Virginia Looking To Clean Up Chesapeake Bay
Virginia submitted its plan to the EPA for cleaning up the Chesapeake Bay. Craig Carper has details in a follow-up report.
The Commonwealth’s plan identifies actions to reduce the amount of nitrogen, phosphorus and sediment entering the bay from sewage treatment plants, industrial facilities, urban areas, agriculture and septic systems. It also establishes new water quality standards for the James River.
The plan aims to reduce farm runoff and implement greater efficiency in wastewater treatment plants that will lead to an additional reduction of 1.6 million pounds of foreign substances entering the James and eventually the Chesapeake Bay.
Anthony Moore is the Assistant Secretary for Chesapeake Bay Restoration.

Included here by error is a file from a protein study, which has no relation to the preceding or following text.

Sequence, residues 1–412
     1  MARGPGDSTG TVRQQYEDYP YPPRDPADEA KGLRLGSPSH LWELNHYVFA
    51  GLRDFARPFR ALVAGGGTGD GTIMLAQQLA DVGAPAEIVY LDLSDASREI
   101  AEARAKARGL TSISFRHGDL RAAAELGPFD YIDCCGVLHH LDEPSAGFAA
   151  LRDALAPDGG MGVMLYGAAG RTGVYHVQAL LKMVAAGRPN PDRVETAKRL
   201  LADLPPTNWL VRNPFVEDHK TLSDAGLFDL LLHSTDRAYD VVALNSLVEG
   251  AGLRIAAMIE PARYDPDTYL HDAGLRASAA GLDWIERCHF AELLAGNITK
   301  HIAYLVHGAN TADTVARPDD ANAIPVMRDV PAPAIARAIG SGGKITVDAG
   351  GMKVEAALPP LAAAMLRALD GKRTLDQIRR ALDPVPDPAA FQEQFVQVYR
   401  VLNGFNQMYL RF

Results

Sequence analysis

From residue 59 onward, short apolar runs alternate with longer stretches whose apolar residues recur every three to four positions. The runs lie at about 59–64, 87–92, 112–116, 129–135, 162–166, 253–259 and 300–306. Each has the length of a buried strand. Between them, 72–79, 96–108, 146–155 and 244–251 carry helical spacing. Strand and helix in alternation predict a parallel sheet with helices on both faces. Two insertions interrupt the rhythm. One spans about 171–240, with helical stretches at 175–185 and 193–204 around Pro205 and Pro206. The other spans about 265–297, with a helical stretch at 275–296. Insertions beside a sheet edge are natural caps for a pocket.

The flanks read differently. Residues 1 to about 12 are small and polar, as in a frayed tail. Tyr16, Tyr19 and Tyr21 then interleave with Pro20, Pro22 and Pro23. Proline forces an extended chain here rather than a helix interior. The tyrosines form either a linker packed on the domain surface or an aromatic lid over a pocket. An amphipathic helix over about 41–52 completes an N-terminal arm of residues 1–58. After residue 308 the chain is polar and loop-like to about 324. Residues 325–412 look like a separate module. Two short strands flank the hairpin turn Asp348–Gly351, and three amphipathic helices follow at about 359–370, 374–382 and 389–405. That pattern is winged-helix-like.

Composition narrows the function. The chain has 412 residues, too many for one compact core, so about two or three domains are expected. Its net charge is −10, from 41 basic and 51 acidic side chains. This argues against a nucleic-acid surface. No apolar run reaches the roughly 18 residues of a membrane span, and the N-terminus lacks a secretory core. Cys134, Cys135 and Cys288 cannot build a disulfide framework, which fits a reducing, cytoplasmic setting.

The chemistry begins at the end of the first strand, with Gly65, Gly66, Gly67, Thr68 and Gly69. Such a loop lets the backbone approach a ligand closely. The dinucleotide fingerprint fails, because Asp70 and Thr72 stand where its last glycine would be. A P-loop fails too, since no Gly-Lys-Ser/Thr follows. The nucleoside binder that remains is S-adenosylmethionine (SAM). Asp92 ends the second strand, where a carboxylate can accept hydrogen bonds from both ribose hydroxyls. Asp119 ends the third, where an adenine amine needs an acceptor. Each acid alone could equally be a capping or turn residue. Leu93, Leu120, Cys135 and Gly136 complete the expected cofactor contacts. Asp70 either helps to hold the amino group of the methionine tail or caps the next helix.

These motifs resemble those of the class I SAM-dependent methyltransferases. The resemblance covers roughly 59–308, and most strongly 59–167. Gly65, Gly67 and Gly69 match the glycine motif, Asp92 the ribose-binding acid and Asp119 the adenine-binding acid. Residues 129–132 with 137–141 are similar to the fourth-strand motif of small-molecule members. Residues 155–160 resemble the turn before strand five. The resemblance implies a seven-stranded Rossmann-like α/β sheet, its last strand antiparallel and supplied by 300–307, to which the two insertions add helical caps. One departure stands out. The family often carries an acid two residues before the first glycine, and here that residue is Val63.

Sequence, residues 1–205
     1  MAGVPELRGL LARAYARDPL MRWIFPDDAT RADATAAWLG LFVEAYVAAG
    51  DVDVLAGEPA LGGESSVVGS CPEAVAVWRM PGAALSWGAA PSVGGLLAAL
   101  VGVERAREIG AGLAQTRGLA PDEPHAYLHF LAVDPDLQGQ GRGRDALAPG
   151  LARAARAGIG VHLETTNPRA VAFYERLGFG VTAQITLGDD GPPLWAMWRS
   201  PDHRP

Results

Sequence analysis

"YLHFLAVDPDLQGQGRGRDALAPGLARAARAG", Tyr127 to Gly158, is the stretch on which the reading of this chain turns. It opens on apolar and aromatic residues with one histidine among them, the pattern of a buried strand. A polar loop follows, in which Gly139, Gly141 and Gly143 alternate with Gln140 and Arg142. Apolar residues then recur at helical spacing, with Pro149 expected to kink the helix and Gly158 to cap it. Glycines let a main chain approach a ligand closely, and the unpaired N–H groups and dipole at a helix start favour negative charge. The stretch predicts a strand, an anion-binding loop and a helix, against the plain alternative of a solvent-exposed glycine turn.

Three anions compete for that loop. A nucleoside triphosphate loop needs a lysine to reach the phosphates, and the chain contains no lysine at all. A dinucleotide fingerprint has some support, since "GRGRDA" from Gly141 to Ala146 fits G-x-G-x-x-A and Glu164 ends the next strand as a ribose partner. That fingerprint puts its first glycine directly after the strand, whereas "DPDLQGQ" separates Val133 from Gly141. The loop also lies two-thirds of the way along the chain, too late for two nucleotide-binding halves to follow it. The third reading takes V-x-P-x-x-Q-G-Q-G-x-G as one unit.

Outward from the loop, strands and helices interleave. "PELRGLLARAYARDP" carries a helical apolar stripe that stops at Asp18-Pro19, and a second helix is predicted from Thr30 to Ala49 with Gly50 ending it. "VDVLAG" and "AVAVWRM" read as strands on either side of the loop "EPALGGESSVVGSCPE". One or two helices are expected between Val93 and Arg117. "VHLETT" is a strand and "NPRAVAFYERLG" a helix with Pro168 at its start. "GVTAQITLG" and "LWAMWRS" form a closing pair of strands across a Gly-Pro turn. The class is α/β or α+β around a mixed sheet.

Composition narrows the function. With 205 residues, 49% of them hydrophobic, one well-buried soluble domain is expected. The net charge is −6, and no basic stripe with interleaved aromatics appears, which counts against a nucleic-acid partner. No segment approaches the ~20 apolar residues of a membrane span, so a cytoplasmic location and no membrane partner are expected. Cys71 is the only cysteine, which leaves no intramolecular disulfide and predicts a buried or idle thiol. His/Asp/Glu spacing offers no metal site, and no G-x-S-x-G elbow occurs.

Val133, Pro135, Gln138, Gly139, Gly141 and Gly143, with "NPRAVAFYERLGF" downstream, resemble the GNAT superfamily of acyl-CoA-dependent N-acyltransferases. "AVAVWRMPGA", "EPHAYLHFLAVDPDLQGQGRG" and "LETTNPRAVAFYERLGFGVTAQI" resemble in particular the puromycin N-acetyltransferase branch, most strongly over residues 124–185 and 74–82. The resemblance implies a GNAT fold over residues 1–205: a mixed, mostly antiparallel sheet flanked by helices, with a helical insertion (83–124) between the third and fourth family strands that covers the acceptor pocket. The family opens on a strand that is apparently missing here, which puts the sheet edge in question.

Moore: There’s several goals that we hope to meet on the Chesapeake Bay; having the water clearer, to have less pollutants and also make it economically viable for the seafood industry and the industries that are involved in the Chesapeake Bay.
Virginia must meet 60 percent of the EPA’s best management practices by 2017 and 100 percent by 2025. The state estimates the cost of meeting these deadlines will be at least 7 billion dollars.
Craig Carper, WCVE News, Capitol Square